Tesugen

Finding a metaphor

It was quite a while since I followed the Extreme Programming (XP) mailing list, so perhaps there has been more talk about the System Metaphor in XP – but my feeling has been, ever since I began reading about XP and trying to adopt its ideas, that the system metaphor needs to be better understood. In several places I have read the opinion that it’s great if you can come up with a good metaphor, but if you can’t, that’s not a disaster.

First of all, it might not be a disaster: if you ignore the metaphor, something will take its place – namely, the vocabulary the team uses as the system is talked about and that is reflected in the code. I guess that it’s not too uncommon for the vocabulary to not be directly reflected in the code, but that you’ll have to translate it using design documents and diagrams (or your imagination). But something will take its place, and it might be good and it might be bad.

But I’m positive that a good metaphor will be of great benefit to the project; I also think that an unconventional (but powerful) metaphor can make work more fun and hence the team more productive (see here). The question is, though, how to come up with a good metaphor.

Readers of XP books and articles all know of the assembly line metaphor of the primordial XP project; but I can’t recall reading about how the team found this metaphor (please tell me if you know). I’d guess that the people were discussing the system and this image came to someone in a flash. Probably that’s why there hasn’t been any writing about how to find a metaphor of your own. However, reading Michael Michalko’s Cracking Creativity, I’ve found a technique that I think has a chance of being very fruitful.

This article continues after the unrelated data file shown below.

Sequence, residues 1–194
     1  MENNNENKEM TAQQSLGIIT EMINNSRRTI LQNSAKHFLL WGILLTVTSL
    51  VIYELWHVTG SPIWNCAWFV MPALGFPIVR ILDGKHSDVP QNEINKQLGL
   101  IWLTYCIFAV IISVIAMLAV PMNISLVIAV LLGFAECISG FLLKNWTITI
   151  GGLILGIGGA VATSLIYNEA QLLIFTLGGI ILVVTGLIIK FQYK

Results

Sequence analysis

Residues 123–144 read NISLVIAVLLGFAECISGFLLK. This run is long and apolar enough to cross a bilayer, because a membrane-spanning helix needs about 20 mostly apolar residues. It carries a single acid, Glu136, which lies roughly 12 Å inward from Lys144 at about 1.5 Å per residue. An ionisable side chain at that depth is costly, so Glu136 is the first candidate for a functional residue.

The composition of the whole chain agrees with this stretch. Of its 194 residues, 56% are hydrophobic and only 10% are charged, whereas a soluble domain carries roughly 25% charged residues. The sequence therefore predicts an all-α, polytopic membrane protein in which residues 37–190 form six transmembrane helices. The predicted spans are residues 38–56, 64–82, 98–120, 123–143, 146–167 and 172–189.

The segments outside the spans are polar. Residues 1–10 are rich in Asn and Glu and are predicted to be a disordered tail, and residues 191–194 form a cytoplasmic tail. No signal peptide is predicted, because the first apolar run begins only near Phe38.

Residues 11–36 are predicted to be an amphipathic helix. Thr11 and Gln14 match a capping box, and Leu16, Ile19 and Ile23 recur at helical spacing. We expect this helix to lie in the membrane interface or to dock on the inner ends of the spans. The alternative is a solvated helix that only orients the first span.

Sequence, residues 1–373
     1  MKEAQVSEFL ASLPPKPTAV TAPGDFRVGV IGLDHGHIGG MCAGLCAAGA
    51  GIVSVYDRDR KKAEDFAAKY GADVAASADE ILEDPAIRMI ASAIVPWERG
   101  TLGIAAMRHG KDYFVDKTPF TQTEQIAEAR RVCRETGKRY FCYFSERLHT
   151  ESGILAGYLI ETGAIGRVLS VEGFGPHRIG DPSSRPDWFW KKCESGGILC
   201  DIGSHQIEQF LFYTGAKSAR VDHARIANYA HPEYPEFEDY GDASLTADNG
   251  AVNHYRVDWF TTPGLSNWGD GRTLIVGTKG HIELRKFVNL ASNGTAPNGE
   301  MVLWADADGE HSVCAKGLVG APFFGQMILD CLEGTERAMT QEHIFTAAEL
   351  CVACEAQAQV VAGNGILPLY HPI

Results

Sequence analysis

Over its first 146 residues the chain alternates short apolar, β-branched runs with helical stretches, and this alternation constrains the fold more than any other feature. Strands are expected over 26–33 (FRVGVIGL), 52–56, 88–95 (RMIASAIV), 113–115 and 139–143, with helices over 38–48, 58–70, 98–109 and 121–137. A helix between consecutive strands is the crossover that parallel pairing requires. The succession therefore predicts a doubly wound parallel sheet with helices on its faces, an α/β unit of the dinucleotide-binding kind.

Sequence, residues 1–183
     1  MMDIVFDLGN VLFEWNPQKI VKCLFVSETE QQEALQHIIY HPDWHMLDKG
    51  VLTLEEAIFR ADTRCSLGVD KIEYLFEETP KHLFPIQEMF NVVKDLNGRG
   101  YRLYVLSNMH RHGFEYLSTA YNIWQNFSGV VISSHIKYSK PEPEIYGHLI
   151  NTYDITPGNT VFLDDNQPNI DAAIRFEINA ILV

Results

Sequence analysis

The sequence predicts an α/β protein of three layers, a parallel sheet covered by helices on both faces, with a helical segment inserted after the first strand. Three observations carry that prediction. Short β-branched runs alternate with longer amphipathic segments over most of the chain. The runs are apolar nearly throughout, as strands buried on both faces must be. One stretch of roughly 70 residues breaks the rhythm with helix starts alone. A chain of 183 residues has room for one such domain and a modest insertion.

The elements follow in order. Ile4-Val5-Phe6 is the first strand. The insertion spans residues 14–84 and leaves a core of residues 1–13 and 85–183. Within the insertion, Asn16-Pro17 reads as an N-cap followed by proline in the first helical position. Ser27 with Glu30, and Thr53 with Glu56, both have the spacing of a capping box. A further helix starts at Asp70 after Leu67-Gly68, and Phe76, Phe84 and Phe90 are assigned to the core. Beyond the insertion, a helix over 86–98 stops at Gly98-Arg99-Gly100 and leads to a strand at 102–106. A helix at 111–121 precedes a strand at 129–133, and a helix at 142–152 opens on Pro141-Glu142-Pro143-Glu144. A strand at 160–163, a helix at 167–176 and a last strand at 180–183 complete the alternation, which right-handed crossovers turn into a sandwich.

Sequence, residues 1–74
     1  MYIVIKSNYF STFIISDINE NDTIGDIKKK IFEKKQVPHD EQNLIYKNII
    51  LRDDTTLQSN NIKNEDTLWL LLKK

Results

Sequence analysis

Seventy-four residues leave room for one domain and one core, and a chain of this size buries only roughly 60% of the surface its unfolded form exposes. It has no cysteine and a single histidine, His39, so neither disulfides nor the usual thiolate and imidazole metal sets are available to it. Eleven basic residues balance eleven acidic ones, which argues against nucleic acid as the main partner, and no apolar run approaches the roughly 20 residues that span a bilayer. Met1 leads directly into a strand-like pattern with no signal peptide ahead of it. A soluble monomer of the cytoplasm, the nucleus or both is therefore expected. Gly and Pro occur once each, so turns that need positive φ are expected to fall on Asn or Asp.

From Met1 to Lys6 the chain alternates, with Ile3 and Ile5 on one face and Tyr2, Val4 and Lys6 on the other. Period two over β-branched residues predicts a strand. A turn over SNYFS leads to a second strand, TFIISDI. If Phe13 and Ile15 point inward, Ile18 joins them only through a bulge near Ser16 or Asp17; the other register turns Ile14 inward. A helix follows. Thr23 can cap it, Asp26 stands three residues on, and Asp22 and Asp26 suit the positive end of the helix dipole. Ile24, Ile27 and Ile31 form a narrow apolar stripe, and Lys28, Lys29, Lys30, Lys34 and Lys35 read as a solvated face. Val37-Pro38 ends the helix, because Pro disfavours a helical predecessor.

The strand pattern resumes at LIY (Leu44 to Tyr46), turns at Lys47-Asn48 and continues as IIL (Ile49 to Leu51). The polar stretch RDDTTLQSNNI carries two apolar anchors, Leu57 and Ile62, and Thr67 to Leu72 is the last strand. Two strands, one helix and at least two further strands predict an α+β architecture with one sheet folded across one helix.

I’m entertaining myself in spare moments to think about what a really great RSS reader would be like. One of the techniques in Michalko’s book suggested that you pick random things and try to form connections between them and your problem (or, in this case, the system to be built). The principle is that the mind can’t resist finding commonalities however unrelated the things seem to be. I have tried several things and my brain has handed me associations for them all (although some are more fruitful than others) – fishing boats, baby gruel, scaffolding, museums.

The most interesting in the context of XP’s metaphor is fishing boats, where I saw fishing boats going out to see to catch fish, with the RSS items being fish and the fishing grounds being the different RSS feeds. I don’t want a reader that brings in every unread item of every feed I have subscribed to; I want mouthfuls each time I poll. Also, I want only the choicest fish. So the fishing boats would only bring back as much fish as its fishing quota – but since bad fish would be thrown back into the sea, the fishermen can continue fishing until the quota is met.

I found this to be a very powerful metaphor. The features I have thought about can be translated into this vocabulary, and it has already suggested new ideas I hadn’t thought about. Also, I think it would be quite fun to talk about fishing when discussing the evolution of the software.

I think that if I was about to start a new project with a team, I would suggest to my fellow team members to try to find commonalities in things they pass in the street, see on TV, read about, dream about, etc. Then we would meet and list them on the whiteboard, after which we spend some time with each item to see what ideas we get. We might not find our metaphor the first try, but with everybody on the team using this technique I think it won’t take too long.

I also think this is a suitable exercise in the beginning of a project – especially if the team members haven’t worked together before. I think it would be a very effective way (because it’s fun) to start building the team culture. What do you think?

The above was posted to my personal weblog on December 11, 2002. My name is Peter Lindberg and I am a thirtysomething software developer and dad living in Stockholm, Sweden. Here, you’ll find posts in English and Swedish about whatever happens to interest me for the moment.

Posted around the same time:

The seven most recent posts:

  1. Tesugen Replaced (October 7)
  2. My Year of MacBook Troubles (May 16)
  3. Tesugen Turns Five (March 21)
  4. Gustaf Nordenskiöld om keramik kontra kläddesign (December 10, 2006)
  5. Se till att ha två buffertar för oförutsedda utgifter (October 30, 2006)
  6. Bra tips för den som vill börja fondspara (October 7, 2006)
  7. Light-Hearted Parenting Tips (September 16, 2006)
Bloggtoppen.se